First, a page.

needs to be. But forming this way would only be good for lots of
pieces. Hydro forming seems like it would be cheapest for small runs.
The hex dimension would depend on what was available in round and it
may be that the different sizes of round available, when formed into a
hex, will not nest correctly. And for just a very few, using a brake
to form two halves that were welded together woulkd be the best
(cheapest). Has this fellow tried Kislby Tube Supply?
Hydroforming is great, if you already have the equipment. Otherwise,
it is certainly not the choice for a short run of one part.
I still thing rolling on mandrels would work, but it might take several
graduated mandrels to arrive at final size and shape. That makes it
more complex, of course.
Jon Elson wrote: (clip) I still thing rolling on mandrels would work, (clip)
I am puzzling over this. A hex with 1" sides would have a 6" perimeter. If
you start with a round tube with a 6" circumference, it will have a diameter
of 1.9". The mandrel will have a corner to corner measurement of 2". How
will you get started?
I suppose you could grind the mandrel round at one end, and force it in. Is
that what you had in mind, or am I missing something?
No, I was thinking about starting with oversize tube and squeezing it
onto the mandrel.
If this worked, it could be done with pretty simple shop equipment.
The force required to slide the desired tube diameter over a tapered
like a lot, although with the right equipment it might be a good way to
I really don't know the quantity of these the original poster was
needing. I think he
wants just a couple of pieces first for a proof of concept. Obviously,
there are several
production processes that could make these parts very nicely,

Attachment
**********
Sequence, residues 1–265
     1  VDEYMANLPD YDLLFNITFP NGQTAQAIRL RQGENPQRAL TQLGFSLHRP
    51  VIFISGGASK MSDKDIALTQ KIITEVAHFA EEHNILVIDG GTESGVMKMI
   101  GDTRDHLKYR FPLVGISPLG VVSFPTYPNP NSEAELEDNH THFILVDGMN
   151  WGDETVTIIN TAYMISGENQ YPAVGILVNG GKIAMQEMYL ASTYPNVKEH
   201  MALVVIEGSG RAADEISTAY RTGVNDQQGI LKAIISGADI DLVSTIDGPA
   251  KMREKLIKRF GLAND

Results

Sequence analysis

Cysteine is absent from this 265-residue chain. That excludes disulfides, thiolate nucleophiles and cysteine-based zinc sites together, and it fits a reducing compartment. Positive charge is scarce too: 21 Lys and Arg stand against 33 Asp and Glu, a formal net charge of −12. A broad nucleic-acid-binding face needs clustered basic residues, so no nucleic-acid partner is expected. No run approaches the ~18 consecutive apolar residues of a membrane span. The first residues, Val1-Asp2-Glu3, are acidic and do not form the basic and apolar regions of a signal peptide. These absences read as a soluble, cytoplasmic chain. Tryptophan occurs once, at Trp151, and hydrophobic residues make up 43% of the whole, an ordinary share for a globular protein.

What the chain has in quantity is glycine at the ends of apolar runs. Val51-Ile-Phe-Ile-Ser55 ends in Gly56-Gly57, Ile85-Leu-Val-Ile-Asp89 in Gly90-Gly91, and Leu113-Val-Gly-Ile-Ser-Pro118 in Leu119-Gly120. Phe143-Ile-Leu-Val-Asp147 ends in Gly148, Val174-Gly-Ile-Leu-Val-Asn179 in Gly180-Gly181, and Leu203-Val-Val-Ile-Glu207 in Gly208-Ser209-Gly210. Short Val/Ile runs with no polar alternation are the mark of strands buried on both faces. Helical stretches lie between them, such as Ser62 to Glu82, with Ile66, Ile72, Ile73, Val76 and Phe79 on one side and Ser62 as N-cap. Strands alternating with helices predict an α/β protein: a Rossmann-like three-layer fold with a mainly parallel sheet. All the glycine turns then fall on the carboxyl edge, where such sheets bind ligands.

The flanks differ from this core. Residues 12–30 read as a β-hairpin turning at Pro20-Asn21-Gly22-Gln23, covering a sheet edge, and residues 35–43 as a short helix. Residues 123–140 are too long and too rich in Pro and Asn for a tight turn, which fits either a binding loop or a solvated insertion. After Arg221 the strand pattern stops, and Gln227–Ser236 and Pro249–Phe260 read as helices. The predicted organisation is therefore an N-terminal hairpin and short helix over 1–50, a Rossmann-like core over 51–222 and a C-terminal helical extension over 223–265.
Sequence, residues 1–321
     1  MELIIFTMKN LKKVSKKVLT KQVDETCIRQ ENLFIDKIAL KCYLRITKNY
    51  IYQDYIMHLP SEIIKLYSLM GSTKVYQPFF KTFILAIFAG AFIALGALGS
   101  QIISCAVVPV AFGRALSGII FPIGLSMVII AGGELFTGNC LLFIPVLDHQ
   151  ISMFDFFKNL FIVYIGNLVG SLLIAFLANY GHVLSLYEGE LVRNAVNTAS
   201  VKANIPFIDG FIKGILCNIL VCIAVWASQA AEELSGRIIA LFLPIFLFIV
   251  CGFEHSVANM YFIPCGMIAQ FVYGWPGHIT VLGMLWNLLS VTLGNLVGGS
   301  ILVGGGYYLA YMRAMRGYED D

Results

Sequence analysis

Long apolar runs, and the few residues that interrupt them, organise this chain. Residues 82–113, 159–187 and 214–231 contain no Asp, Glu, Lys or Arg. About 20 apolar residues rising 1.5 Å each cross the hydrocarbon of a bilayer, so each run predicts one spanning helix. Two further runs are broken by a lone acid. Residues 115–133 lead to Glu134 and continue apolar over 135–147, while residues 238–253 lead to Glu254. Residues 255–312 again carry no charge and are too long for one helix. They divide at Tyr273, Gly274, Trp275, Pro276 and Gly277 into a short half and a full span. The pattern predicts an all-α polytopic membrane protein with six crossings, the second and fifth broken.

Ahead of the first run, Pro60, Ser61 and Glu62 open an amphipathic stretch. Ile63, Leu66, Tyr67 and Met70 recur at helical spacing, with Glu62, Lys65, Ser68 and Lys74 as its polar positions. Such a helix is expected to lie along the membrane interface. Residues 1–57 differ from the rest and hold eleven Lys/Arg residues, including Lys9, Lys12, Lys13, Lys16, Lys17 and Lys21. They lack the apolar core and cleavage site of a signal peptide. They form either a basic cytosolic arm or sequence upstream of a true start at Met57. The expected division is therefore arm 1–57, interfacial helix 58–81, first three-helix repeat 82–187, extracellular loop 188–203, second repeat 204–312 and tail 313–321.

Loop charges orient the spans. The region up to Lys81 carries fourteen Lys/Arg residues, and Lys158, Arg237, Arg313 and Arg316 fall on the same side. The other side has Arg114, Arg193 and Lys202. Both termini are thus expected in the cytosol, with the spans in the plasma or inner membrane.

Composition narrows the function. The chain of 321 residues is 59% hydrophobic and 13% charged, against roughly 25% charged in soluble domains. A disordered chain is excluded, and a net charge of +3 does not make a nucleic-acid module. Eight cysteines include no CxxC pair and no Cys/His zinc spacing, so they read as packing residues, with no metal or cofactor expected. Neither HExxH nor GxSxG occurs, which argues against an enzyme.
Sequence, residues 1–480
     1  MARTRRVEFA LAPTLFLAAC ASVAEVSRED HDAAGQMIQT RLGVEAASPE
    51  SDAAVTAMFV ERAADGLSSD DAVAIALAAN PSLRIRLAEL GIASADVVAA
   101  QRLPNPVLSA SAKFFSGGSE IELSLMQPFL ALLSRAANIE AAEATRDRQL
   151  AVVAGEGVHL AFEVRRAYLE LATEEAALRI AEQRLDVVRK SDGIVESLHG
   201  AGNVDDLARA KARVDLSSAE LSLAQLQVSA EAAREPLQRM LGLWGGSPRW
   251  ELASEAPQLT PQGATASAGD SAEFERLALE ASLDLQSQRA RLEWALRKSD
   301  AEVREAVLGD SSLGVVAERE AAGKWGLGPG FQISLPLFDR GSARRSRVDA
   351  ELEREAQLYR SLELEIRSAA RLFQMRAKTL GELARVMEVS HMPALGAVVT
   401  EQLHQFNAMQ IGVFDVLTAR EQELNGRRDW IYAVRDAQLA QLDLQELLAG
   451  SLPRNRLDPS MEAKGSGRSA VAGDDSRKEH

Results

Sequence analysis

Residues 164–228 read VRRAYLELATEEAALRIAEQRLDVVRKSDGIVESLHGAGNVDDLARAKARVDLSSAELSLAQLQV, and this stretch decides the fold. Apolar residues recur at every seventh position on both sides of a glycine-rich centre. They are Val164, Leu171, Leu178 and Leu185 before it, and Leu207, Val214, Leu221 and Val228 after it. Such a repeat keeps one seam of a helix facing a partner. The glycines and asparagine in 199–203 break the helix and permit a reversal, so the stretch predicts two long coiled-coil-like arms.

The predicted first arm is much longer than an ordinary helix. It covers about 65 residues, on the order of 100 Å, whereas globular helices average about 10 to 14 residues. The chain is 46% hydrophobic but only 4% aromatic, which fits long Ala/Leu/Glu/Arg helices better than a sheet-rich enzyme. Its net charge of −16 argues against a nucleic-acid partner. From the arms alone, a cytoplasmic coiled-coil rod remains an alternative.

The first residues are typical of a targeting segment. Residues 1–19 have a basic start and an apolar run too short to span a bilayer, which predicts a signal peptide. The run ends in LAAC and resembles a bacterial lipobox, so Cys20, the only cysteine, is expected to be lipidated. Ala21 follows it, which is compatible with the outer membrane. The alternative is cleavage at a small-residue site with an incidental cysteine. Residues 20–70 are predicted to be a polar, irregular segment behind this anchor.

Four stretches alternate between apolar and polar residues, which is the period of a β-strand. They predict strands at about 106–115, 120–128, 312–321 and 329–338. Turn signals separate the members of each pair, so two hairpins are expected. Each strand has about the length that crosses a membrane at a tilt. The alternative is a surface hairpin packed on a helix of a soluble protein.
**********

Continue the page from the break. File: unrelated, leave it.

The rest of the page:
one of the most promising.
The plant beside the one I work in does hydroforming. NOT a cheap process.
1800 ton press to close the die, something like 60ksi hydraulic pressure
within the tube itself. I'm sure time on that thing is big money, not to
mention the tooling. Forming time is something like 35 sec per part.
Perhaps using a female die (like hydroforming) with a neoprene male punch
instead of hydraulic fluid. I wonder how one does tonnage calculations for
such a process.
sounds like another good job for primacord.
"Aren't cats Libertarian? They just want to be left alone.
I think our dog is a Democrat, as he is always looking for a handout"
Unknown Usnet Poster
Heh, heh, I'm pretty sure my dog is a liberal - he has no balls.
Possible search terms: "Marform" or "Hidraw". They mention both
aluminum and steel deep drawing. It's not very detailed on this
subject compared to all the information on conventional dies.
Book is _Die Design Handbook_ 3rd Edition, Smith
published by the SME.
Make an inside holder from copper plate - the
steel weld won't stick to copper and the
copper will form the welds nicely.. So, in
effect, you'd make a hex tube of copper plate,
where you place the steel plates on top of the
copper, and then weld the six seams. Propably
easiest to make the inside holder from steel
hex with thin copper foil wrap.. As well, use
flat holder bars on all plates, bars connected
to inside holder (each hex flat) with bolts
Still - why on earth hex.. Why not normal
Thanks to all for their great ideas. My contact is an inventor who does
not wish to discuss why he wants to use hex tubing. I have solved his problem
by locating him a vendor who stocks steel hex tubing. In case anyone else is
looking for stock hex tubing, he found his at
Perhaps I'm missing something. Tubular hydroforming is not really deep
drawing. It's a fairly mild draw, I believe.
I've got the same one. I'll have to take a look. (most expensive text I've